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Discussion > EU Intellectual Property Rights for Internet Content.

I'm in many minds about this. My first thought is that artists - visual, moving, performance and written - are being cheated of their fees by the Wild West of the Internet. My second instinct is that the vast exchange of free stuff has also created a market for said stuff. Like early pirate games, the more you could get hold of, the more you were hooked. A lot of money usually finds its way to the people who generate the next games fix if not the first. People could/would only buy a certain amount of software and kit. If games became too expensive, people bought fewer and then didn't upgrade to the latest equipment. If they hadn't got the latest equipment, they couldn't run the latest games. People installed a lot of pirate games but it didn't kill the market - far from it.

Is the same happening for the other media? Written media is varied. I know the newspapers are suffering but that's in part because so many people are prepared to offer their opinion for free (see Bishop Hill comments) and we aren’t that fussed if the opinion is from Joe Bloggs mechanic or Joe Bloggs Guardian reporter. Print media gets advertising money but have in part killed their own goose by allowing advertisers to intrude too much on readers attention and attach tracking, data collecting cookies to said readers. Readers have the retaliated by excluding adverts altogether if they can. But news sites are benefiting from reader comments, which are a massive draw and a liability headache. The bottom line though is people are reading a lot, probably more than they used to.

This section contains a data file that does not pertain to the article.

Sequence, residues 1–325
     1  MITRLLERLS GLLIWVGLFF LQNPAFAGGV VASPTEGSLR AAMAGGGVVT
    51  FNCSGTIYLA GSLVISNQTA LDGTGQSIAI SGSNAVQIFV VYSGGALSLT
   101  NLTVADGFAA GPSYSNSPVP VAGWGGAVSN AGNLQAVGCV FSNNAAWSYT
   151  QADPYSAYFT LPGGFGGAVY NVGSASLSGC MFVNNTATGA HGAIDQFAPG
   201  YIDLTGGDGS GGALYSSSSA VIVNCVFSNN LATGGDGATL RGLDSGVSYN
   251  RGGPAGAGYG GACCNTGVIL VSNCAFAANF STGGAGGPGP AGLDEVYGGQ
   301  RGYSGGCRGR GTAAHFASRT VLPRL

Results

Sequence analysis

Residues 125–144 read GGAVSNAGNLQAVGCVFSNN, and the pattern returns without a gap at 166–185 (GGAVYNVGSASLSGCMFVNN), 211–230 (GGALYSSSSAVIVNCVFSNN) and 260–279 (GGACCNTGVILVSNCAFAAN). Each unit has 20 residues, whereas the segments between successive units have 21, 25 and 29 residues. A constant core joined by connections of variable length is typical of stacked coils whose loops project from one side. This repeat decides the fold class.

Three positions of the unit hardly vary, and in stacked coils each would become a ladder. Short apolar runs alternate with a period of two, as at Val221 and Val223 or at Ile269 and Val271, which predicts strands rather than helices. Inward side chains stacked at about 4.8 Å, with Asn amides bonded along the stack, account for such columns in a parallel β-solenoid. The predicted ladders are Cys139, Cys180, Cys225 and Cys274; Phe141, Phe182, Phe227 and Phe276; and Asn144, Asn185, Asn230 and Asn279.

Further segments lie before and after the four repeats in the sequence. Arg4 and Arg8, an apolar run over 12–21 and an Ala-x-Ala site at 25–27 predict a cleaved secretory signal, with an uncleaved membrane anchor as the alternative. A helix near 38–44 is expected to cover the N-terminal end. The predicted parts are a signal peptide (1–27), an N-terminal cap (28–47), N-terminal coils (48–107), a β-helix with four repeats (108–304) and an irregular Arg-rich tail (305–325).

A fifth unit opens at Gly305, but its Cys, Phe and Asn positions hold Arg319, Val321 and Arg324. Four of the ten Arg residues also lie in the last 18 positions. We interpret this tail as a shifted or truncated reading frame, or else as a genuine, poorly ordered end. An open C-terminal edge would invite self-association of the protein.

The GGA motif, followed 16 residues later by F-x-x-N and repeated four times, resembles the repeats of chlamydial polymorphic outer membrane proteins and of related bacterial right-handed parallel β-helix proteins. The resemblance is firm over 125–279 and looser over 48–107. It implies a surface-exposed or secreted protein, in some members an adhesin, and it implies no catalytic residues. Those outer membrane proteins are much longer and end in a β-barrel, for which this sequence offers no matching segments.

You Tube, Instagram, Pinterest etc host both user content and pirated content. I can see why original artists are angry, especially if they don't get any benefit. I'm working on my own web content and to use other works I've had to buy ancient books that are free of copyright to illustrate the authenticity of my work. I'm creating my own 3D images, that are populated with my own photograph textures. All mine. How will I feel if someone has it on Pinterest before people read my site? But if there was no internet I'd not have got my research done, nor have a potential audience for the result. On balance the free internet has benefited me in such a way that without it I’d have nothing for others to rip off, and so I can’t really support the EU’s interference.

It’s tempting to not want things to change but a better way would be to work out how content could be fairly shared for fees that grow with success but are not crippling to the individual. It’s wrong that the internet giants make obscene profits from both their willing customers and unwilling content generators. It’s not like the internet is going away now, which was a risk in the early days.

How would you make things fair?

Mar 26, 2019 at 2:33 PM | Unregistered CommenterTinyCO2

Fair question - but it's a marketplace .... so economic rules apply - the ease with which technology allows unrestricted copying has damaged some content providers - mainly music and film - I wonder how much games content is nicked these days - not much I'd guess....

I really do think that the bureaucrats in the Berlaymont don't give a toss about content providers - they just want to keep squeezing out rules which generally don't apply to them.

Mar 26, 2019 at 7:29 PM | Registered Commentertomo

For those wanting more info, there is a link to a BBC article about this. For once, I think it's reasonably balanced and informative:

Mar 26, 2019 at 8:31 PM | Unregistered CommenterMark Hodgson

FWIW, here's Russia Today's take on it:

"'Dark day for internet freedom': EU lawmakers approve controversial copyright reform"

The European Parliament has voted to adopt the highly controversial Article 13 provision which would govern the production and distribution of content online under the auspices of increasing copyright protections.